Leading article: Some modest successes eclipsed by one big failure

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The Independent Online

When the Prime Minister addresses the Lord Mayor's banquet in the City of London this evening, he is expected to focus on the high principle of global interdependence in the 21st century and the hard necessity of reaching agreement on a new round of world trade talks at the Hong Kong summit in December. Equity in world trade is one of Mr Blair's favourite themes, and a worthy one. It is a cause in which he has shown admirable consistency and commitment. And it is a thoroughly praiseworthy topic to broach before a City audience.

But Mr Blair will also make clear that he views trade as one of many challenges that can only be met multilaterally and in a global context. Security and prosperity at home, he will reiterate, will not be achieved unless issues such as terrorism, trade, climate change and poverty are also addressed.

Which is why it is worth considering how Mr Blair, now into his third term at Downing Street, has fared in tackling the many other aspects of British foreign policy. This has been a highly privileged year for Britain in the international arena, and one for which Mr Blair harboured great ambitions. With both the chairmanship of the Group of Eight and, in the latter half of the year, the Presidency of the European Union, Britain has had a rare opportunity to set the international agenda and project its own priorities. Mr Blair also enjoyed another advantage: he is now among the world's longest-serving leaders and won a new domestic mandate in May.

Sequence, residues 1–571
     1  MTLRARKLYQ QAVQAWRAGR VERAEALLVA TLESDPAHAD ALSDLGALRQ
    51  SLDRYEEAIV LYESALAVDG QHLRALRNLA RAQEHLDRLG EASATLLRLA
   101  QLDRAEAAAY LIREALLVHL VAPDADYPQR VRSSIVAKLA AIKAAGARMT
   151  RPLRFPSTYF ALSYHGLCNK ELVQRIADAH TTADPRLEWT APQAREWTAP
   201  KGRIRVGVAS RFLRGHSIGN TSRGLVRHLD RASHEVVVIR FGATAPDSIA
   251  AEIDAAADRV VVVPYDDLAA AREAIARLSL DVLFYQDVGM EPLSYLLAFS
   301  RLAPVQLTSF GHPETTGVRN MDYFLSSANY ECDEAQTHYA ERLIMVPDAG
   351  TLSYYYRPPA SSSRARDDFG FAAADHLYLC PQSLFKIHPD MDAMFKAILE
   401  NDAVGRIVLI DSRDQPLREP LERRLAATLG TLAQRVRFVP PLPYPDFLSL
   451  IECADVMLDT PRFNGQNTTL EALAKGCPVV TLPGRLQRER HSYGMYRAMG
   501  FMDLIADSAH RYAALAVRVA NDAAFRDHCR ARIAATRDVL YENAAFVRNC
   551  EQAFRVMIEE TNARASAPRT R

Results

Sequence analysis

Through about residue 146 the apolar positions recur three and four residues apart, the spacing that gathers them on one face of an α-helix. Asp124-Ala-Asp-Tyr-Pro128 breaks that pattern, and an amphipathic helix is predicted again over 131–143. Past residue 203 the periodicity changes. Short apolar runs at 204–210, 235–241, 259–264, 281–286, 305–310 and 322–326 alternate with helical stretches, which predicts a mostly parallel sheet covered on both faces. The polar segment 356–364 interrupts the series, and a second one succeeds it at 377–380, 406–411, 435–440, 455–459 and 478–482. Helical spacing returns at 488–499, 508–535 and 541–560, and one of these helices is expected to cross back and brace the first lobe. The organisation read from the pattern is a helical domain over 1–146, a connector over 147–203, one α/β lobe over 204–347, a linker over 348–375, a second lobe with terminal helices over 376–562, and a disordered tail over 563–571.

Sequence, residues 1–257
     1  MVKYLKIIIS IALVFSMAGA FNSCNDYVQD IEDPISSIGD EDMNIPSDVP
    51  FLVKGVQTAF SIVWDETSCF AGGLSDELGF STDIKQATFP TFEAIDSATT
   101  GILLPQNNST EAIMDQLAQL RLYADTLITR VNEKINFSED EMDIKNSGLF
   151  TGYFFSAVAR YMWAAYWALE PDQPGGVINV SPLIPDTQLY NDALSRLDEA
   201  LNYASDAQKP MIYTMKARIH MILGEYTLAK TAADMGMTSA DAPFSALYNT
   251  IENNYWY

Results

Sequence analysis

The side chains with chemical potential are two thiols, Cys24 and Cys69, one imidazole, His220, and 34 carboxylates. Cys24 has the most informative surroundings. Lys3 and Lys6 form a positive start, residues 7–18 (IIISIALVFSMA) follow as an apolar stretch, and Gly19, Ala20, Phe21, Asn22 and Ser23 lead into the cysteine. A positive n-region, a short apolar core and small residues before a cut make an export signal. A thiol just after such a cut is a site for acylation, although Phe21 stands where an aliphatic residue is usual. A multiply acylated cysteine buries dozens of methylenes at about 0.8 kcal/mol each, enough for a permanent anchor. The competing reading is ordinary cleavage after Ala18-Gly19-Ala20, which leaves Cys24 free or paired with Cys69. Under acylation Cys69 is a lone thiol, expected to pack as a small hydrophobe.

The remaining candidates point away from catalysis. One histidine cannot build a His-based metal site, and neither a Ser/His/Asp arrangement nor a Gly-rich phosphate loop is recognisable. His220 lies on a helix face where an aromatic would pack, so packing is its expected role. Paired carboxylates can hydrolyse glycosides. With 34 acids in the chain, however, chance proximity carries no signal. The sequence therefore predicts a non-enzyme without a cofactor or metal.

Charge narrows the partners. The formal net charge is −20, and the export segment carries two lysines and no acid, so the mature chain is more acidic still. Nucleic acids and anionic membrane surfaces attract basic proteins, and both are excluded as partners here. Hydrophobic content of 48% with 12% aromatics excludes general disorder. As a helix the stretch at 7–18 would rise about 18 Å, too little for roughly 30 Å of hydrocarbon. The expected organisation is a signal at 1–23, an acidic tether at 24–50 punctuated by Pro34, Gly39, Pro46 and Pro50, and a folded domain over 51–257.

Despite these assets, however, success has been distinctly mixed. On the plus side there has been the prominence Mr Blair and the Chancellor, Gordon Brown, gave to Africa at the G8 summit and the deal that was reached on African debt. But this was less than had been hoped for, and implementation is still in doubt. The military involvement in Sierra Leone remains a bright spot, but Britain has failed to make the slightest impact on Robert Mugabe's tyrannical mismanagement in Zimbabwe.

The balance in Afghanistan remains positive, but delicate, with Britain's particular responsibility - for curbing the opium trade - a dismal failure. A three-party European effort to solicit nuclear guarantees from Iran is in abeyance following the unexpected election of Mahmoud Ahmadinejad, but it need not yet be written off. In the Middle East, Britain has remained a peripheral player, its effort to hold a peace conference undermined by the absence of Israel. Relations with the United States are cordial, but - as Sir Christopher Meyer's memoirs confirm - they are far too much of a one-way street.

Europe is an especially bleak area. With the EU constitution rejected by France and the Netherlands, and Germany for much of the British presidency in the throes of an election, Mr Blair had an opportunity to make his mark. Instead, Europe has almost vanished off the foreign policy spectrum. Britain was wrong-footed over the start of talks on Turkey's accession and, on the budget, some real flexibility over the British rebate might have set a more propitious tone. An agreement in December would repair some of the damage, but there is no certainty at all that this will be attained.

The bleakest prospect by far, however, is Iraq. Neither interim elections nor the constitutional referendum have brought any diminution in the violence, which is spreading to the hitherto relatively peaceful south. And while the bitter diplomatic fall-out from Britain's military involvement may be declining in Europe, it remains a liability in the Arab world - and a continual drag on Mr Blair's credibility at home. Trade with the countries of Africa may illustrate the extent of global interdependence, but so too - in a more malign and more immediately dangerous way - does the invasion of Iraq.

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